Byham advocates a systematic approach, based on the intelligent use of data. 'Companies don't always have good criteria (for spotting future leaders),' he says. 'Too often they look for early achieve- ment, which is important, but that's often a function of chance. Two people might be equal in terms of competencies, but one happens to get bounced around and have good things happen to them, while the other one stays narrow.

'And organisations are often not doing a serious evaluation anyway,' he adds. 'It's usually just a bunch of people sitting around saying: 'Well, everybody nominate one.' 'Joe's my pick, how about you?' Some people may be away on foreign assignment and get forgotten, and so on.'

Byham believes the situation couldn't be more serious. 'It used to be if you lost a few good people it didn't matter. Now there's not so much talent out there, and so you have to find it and use it.'

Firms sometimes come up with a list of competencies, based on interviews with the current leaders. Byham doubts this is the right way to proceed.

'The current leaders may not be a perfect fit for the future strategy. What you ought to do is forget about the current leaders, and develop criteria against the company's strategy going forward.

'Future leaders will not necessarily be the best and brightest people,' he adds. 'They are the people who will benefit the most from accelerated development. Stretch them a whole lot.' (It's an argument he develops in his book Grow Your Own Leaders.)

Byham estimates that about 1% of the management community - it may be around 250 people in a big business - might constitute a sensible size for a cadre of 'high potentials'. 'You can't get management to focus on a wide group. It takes a lot of effort to develop these people; you've got to work with them, move them around, think about them a lot.'

Effective leadership development will include a range of activities such as on-the-job learning in demanding situations. OPP's McHenry sees practical experience - action learning - as a crucial part of leadership development. 'Around 80% of corporate learning takes place in business units,' he says.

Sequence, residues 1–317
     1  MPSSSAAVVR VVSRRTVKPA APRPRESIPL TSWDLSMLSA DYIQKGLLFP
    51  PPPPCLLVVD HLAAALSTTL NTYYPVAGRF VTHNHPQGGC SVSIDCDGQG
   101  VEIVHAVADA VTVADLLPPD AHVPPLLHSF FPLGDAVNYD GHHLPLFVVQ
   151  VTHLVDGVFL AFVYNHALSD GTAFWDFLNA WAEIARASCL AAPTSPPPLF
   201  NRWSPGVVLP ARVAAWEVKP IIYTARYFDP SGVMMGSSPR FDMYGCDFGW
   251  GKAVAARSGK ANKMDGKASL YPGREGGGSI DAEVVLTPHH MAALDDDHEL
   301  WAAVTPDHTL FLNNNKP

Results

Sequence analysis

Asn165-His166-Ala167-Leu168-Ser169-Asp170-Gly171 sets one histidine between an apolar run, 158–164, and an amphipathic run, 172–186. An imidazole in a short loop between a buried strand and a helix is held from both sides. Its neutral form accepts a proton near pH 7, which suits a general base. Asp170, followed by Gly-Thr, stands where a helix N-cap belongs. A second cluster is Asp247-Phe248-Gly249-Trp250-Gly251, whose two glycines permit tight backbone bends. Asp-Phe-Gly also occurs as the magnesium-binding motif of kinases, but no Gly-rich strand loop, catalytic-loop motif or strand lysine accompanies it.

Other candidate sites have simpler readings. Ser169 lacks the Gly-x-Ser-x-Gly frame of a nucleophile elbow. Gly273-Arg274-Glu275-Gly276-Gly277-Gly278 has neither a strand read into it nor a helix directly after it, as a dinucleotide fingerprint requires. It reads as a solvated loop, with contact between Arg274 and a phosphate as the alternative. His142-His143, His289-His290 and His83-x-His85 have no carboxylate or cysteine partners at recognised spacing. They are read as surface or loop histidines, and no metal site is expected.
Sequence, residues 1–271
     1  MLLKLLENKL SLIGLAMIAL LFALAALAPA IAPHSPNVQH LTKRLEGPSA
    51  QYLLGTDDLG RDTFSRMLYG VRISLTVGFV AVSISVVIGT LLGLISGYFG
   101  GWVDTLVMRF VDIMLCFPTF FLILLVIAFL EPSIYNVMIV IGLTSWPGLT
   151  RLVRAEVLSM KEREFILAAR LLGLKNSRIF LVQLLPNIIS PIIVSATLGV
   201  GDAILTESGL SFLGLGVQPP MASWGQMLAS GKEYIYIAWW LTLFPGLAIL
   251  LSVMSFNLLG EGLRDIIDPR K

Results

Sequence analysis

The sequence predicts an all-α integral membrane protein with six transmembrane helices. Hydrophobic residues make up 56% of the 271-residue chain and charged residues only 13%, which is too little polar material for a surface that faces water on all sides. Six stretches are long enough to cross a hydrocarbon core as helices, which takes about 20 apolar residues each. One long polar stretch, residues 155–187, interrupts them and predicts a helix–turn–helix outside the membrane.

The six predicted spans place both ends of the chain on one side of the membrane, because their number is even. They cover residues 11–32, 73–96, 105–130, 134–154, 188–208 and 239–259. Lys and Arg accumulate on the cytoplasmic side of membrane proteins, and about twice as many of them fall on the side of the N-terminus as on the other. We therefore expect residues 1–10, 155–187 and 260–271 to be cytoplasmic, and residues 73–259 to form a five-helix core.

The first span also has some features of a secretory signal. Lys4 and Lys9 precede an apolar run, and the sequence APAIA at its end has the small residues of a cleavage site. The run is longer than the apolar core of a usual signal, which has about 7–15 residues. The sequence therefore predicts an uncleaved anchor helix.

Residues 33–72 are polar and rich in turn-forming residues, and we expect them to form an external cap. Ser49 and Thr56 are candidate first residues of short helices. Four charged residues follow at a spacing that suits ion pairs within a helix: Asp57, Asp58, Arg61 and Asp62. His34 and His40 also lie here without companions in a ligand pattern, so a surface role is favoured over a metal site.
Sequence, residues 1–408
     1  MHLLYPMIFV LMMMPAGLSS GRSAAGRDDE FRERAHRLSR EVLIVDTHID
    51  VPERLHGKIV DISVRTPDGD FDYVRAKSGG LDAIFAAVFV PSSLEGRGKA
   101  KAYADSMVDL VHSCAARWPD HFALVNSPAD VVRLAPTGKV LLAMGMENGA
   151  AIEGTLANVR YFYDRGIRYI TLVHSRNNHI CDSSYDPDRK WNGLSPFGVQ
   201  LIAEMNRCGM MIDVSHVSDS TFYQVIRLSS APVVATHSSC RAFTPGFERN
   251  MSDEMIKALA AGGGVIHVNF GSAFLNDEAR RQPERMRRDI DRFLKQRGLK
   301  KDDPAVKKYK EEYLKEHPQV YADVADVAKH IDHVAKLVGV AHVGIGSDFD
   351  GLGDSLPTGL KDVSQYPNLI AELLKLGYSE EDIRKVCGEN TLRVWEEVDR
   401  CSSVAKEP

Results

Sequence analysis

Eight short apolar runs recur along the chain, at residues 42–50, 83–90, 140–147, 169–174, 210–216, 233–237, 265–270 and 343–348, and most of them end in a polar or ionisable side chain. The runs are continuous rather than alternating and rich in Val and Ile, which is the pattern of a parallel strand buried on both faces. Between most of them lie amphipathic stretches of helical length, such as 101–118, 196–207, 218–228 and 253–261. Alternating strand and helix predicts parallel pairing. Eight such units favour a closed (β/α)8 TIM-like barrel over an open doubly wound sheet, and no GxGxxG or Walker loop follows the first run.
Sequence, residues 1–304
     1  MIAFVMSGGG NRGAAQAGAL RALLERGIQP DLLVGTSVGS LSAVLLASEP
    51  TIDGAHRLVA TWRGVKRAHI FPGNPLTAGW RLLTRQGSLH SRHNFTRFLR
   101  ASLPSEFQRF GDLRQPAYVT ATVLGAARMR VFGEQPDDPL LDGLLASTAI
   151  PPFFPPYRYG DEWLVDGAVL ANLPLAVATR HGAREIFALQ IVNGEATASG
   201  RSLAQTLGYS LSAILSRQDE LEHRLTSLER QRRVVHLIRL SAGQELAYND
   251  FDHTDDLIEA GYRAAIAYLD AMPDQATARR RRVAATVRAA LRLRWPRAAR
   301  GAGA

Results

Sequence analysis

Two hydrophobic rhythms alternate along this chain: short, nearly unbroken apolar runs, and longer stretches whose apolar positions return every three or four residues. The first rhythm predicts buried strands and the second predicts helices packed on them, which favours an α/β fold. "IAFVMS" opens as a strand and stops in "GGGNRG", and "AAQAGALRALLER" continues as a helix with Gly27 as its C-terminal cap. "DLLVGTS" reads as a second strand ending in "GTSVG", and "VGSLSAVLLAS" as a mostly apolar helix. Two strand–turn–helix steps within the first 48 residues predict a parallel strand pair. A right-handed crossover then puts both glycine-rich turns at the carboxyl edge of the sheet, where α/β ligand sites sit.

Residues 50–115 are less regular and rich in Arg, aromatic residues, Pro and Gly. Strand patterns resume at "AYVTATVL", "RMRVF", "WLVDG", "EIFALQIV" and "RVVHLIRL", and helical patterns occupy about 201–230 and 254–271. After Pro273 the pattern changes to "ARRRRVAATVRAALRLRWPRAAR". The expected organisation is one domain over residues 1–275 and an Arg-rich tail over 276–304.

If common sense didn't tell us that leadership matters, the data confirms it. International Survey Research (ISR), the global consulting firm, has been studying high-performance organisations throughout its 27-year history.

Dr Patrick Kulesa, head of global research at ISR, believes that effective leadership distinguishes sector leaders and high-performing organisations from the rest. Crucially, good leaders make the difference in winning employee engagement, which itself underlies stronger corporate performance.

ISR has defined the framework of effective leadership interventions under the heading DRIVER:-

D - direction: providing an overall sense of company goals and objectives

R - respect: respecting employees' concerns and wellbeing, being seen to be making fair decisions

I - inform: keeping employees informed on company plans and performance

V - values: articulating clear values and showing integrity in day-to-day management

E - energy: moving quickly and flexibly, responding to the market and energising the corporation

R - role-model: leaders are watched more than they realise. They need to be positive role models

Leadership in the end has to be about execution, about actually doing things. Alistair Russell, programme director of executive education at Durham business school, says there are different types of leadership appropriate to different levels of the organisation: 'big' leadership at the corporate level, and day-to-day leadership of a team or division. The challenge is recognising what sort of leadership is required where. 'Leadership is about choices, and action,' he says. 'Once you've got in, checked your e-mails, had a coffee, sharpened your pencils, what are you actually going to do?' That is the question leaders face every day. Effective leadership development will help suggest some answers.